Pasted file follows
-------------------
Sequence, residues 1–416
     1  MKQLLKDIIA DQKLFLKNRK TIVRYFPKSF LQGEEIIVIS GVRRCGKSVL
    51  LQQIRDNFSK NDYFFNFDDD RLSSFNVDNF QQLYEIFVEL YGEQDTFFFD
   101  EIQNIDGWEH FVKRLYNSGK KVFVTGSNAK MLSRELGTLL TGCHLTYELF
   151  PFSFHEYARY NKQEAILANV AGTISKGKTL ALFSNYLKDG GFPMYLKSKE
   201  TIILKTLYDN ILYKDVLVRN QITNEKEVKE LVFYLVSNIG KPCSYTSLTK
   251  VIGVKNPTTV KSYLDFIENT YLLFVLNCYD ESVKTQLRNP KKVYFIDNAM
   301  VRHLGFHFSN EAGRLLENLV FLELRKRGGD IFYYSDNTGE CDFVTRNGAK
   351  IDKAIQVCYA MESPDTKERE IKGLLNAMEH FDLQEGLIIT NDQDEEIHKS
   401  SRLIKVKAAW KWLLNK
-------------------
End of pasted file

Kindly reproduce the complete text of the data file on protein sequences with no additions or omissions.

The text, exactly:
Sequence, residues 1–416
     1  MKQLLKDIIA DQKLFLKNRK TIVRYFPKSF LQGEEIIVIS GVRRCGKSVL
    51  LQQIRDNFSK NDYFFNFDDD RLSSFNVDNF QQLYEIFVEL YGEQDTFFFD
   101  EIQNIDGWEH FVKRLYNSGK KVFVTGSNAK MLSRELGTLL TGCHLTYELF
   151  PFSFHEYARY NKQEAILANV AGTISKGKTL ALFSNYLKDG GFPMYLKSKE
   201  TIILKTLYDN ILYKDVLVRN QITNEKEVKE LVFYLVSNIG KPCSYTSLTK
   251  VIGVKNPTTV KSYLDFIENT YLLFVLNCYD ESVKTQLRNP KKVYFIDNAM
   301  VRHLGFHFSN EAGRLLENLV FLELRKRGGD IFYYSDNTGE CDFVTRNGAK
   351  IDKAIQVCYA MESPDTKERE IKGLLNAMEH FDLQEGLIIT NDQDEEIHKS
   401  SRLIKVKAAW KWLLNK